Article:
Holm and then Nunes; the outcomes are well-known at this point. While she made improvements in the striking arena leading up to the title defense against Holm, she clearly regressed in her devastating loss against Nunes. Where was her defense? “Head movement!” She would get tagged in some of her prior fights but she stood as straight as a pole and her head was an easy target in the one round she lasted against Nunes.

Unfortunately every fight begins on the feet. For Rousey that means she has to enter striking range in order to put her expertise to use. Her limited striking features no kicking to speak of and she doesn’t employ traditional takedowns like doubles, singles, knee-taps, etc., so her head movement and creation of angles must be stellar. They aren’t; at least not recently.

As for her legacy and impact: She met every challenge – until her last two outings – and was as dominant during that run as any athlete has ever been in any sport. There is no reasonable debate otherwise. Is she the most complete fighter? No. However, in my opinion, only Jones, Georges St-Pierre, Demetrious Johnson, Cris Cyborg, Joanna Jedrzejczyk, Cain Velasquez, Daniel Cormier and Jose Aldo fit that description. Tyron Woodley, Max Holloway, Rory MacDonald, Tony Ferguson and Rafael dos Anjos are worthy of mention as well.

Is she the best female in MMA? No. I never thought she was – even at her apex. That title belongs to Cyborg. Period. It does speak to Rousey’s gable grip on the sport and her excellence that respected members of MMA media picked her to win a long-rumored bout with Cyborg. Those journalists deserve to have their credentials torched. It was lazy then and it’s preposterous now.

Is she great? Yes. That can’t be deleted from her story. Holm and Nunes are the only two women that were able to topple her. (A legitimate argument can be raised that the third woman on that list is Rousey herself; at least mentally and emotionally.) The sports world and all of pop-culture screeched to a halt on those Saturday evenings when she competed and still remains the biggest crossover star under the UFC banner. She honored whatever the hell the ideal is of a champion in this peculiar time in MMA. She burst out to 12 victories – over four years – before her first loss. She won the title and actually defended her crown six times, event after event; didn’t fail at weigh-ins and held up her media obligations to promote (with the exception of UFC 207).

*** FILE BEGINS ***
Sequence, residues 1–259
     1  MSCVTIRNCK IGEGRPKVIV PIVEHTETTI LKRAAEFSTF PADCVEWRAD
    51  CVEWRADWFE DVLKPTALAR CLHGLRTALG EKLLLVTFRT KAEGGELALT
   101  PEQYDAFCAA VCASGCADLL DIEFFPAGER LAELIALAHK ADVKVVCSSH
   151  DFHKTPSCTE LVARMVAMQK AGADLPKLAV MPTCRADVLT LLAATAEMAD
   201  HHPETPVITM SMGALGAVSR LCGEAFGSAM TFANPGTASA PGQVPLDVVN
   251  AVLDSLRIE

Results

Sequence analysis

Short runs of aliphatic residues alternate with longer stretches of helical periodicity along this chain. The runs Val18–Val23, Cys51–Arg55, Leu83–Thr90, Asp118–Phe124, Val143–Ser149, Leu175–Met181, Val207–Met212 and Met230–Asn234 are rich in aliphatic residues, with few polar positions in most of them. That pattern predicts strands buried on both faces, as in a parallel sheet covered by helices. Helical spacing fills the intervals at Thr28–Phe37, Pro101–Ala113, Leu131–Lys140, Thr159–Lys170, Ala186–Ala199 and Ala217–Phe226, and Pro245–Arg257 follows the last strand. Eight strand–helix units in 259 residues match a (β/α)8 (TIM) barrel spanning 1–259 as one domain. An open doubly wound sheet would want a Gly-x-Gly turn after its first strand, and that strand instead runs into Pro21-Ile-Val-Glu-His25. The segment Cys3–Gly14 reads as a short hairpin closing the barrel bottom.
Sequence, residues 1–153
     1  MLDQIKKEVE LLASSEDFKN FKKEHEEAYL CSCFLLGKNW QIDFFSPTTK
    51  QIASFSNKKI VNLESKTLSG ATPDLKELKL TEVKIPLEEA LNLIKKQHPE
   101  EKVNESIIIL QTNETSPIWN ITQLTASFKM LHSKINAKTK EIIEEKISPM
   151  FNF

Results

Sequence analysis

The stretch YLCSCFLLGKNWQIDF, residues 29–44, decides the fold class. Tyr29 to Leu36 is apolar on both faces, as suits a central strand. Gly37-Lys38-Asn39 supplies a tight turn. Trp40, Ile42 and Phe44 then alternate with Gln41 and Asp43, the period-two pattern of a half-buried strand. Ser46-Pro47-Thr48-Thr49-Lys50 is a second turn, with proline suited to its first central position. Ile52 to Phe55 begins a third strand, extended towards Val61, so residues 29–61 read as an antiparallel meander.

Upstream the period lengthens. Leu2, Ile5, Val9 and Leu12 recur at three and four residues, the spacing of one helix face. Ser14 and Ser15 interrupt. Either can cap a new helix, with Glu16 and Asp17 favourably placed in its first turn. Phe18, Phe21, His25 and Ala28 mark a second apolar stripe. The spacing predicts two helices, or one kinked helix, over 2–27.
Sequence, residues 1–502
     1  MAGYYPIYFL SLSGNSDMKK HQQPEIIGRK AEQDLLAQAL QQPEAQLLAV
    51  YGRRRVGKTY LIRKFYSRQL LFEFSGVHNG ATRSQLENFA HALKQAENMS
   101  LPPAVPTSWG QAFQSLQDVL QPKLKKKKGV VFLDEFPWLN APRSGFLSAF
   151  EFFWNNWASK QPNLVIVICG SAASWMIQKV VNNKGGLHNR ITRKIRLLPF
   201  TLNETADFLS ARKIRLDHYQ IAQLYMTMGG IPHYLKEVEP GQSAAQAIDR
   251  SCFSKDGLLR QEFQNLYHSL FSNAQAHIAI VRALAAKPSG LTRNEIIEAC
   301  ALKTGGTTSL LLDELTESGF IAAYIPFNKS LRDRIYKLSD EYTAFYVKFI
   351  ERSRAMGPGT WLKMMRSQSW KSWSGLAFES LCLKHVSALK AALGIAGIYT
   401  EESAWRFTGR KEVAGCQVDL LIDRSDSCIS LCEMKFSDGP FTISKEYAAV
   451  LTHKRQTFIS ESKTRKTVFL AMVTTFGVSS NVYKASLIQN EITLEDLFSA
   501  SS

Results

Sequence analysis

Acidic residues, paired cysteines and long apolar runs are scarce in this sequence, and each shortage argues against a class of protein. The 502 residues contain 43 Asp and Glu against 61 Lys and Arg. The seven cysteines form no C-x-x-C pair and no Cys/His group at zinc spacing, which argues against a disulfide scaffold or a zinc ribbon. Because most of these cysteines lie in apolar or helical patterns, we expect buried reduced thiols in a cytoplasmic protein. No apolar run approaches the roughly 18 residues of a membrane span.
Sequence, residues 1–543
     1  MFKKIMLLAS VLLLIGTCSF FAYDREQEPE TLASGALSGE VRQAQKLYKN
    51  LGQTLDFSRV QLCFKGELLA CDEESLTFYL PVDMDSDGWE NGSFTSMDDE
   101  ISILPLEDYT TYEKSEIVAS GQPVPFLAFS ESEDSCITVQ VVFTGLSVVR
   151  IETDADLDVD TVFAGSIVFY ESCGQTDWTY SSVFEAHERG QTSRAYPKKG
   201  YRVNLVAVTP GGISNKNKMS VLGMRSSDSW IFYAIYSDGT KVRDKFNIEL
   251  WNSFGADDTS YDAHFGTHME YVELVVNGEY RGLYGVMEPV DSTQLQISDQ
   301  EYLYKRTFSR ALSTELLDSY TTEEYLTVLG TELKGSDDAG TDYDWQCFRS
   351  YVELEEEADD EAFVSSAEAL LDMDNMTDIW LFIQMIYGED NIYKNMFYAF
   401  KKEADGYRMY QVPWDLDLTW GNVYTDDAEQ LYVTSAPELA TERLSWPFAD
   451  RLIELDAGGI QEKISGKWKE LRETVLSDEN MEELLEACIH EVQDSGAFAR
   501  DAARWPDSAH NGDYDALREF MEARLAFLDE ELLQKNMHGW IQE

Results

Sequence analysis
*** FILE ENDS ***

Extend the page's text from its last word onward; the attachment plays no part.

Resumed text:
Rankings, belts and champions – as far as MMA is concerned – matter as much as the interim title I recently drew on a piece of paper, crumbled into a ball, and threw for my dog in a game of fetch. She infused substance into those gold “UFC” letters slung around her waist. Her championship had true meaning; it was layered and respected.

Pride comes before the fall. That’s the saying, right? I would add “Immense” to begin the statement as it pertains to the former champion. No, the former title holder. Hubris. In an interview leading up to her defense at UFC 193 where she was onstage with Jedrzejczyk, she answered a question by stating she could defeat the entire female bantamweight division with “one arm tied behind” her back. That was cringe-worthy.

Personally, I hope her last fight wasn’t the final act of her athletic career, so to speak. I don’t want it to end the way it seems like it has, presently. Naturally the mob is out to defecate on her achievements, and, over enough time I see her name drawing snickers. Hasn’t it already?

Predictably, it’s already begun. Its’ unfortunate that she’ll be remembered in a fashion unfit for the stature she earned within all of sport. If she’s taken the cage for the last time, I’m positive that idiot fans will feel pleasure and their own form of personal satisfaction. They already do.

Whether she retires or not, I respect her time in MMA and all she accomplished. I wish her all the happiness and success in the world. She excelled in an arena where consistency is its own martial art.

It was a joy to watch her perform. Damn, I’m going to miss her walk to the cage.